A BLOG article by Michael Calore includes:

They encouraged their fans to trade the tunes online and to post them to websites and P2P networks. Yes, they encouraged file trading. Eventually, more and more people found them on MySpace or on their website via word-of-mouth, and their reach started to widen. Fans started booking them in venues farther and farther away from their hometown. Wherever they played, everyone in the crowd knew the words to the songs. This is all before they even signed to a record label.

Save the Music Fan

The homepage of includes a letter from Terry McBride, CEO Nettwerk Music Group

The passionate message of music is in the magic of the "song." The more it's consumed, the more it nourishes. Music is ubiquitous; it's a utility like "water," it's not a pair of pants and as such we need to stop treating music like a product that needs to be controlled. My reason for agreeing to pay the legal fees of the Gruebel family is quite straightforward, to stop all litigation of music fans; Nettwerk defends online piracy(sic)

This article by Steve Lalla includes:

Nettwerk Music Group CEO Terry McBride echoed this uncertainty - "that it is still to be decided by the courts, as it's unclear" whether Canadians are allowed to download and share music via the Internet. Incredibly, McBride maintains that even though his company "has been hurt, especially in catalogue sales... the current actions of the RIAA are not in my artists' best interests."

See also: A wild ride: the digital music industry by Bryan Borzykowski for Canadian Business Magazine.

p2pnet talks to Nettwerk Music

This interview of Nettwerk's Terry McBride by p2pnet's John Newton includes:

But, "Suing music fans isn't the solution, it’s the problem,” says McBride.

He answered a few questions for p2pnet during which he said although he's behind the Greubels, "it's not about winning the case: it's about stopping all the litigation. Period. That's my focus."

The District Court of Paris in France rules in favour of P2P

This The Register article by John Oates includes:

The French courts have ruled that using peer-to-peer networks (P2P), providing you are doing so for personal rather than commercial reasons, is legal. The decision comes just as the French Parliament meets to discuss whether internet users should pay a voluntary tax or surcharge of €5 a month to use P2P networks.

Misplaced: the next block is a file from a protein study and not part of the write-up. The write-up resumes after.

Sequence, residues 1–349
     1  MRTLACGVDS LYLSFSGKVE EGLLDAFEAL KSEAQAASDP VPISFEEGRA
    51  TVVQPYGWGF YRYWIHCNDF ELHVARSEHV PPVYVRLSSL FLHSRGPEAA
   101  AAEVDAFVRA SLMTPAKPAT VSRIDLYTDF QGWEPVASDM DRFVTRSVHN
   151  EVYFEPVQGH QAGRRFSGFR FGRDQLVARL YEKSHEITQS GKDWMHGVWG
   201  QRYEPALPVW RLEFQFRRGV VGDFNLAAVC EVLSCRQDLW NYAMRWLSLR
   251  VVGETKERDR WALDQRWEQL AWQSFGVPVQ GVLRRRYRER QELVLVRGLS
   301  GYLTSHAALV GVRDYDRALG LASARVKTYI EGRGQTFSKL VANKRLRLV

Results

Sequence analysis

Will Canada decide to monetize rather that sue fans for this non-commercial activity? There is considerable Canadian and international precedent for this type of thing, including the statutory licensing regimes which legalized the recording industry, as well as handled the far-less-complex negotiation issues involved with broadcast radio and television retransmission.

Don't do to me what I did to them: Henderson amusing quote of the week.

A CBC article titled Between rock and a hard place, talks about how artists and independent labels are opposed to the lawsuits launched by the major labels against music fans.

Graham Henderson, president of the Canadian Recording Industry Association, is quoted as suggesting that statutory licensing for recorded music would mean the "Sovietization" of the industry. It is important to remember that it was statutory licensing of the sheet music that "legalized" the "piracy" of the recording industry in most countries, allowing the prerformance and recording of music without the permission of the songwriter as long as they paid a government set rate.

Funny how the legal tool used to legalize their "piracy" of the works of other is now being opposed when the next generation is suggesting it to them.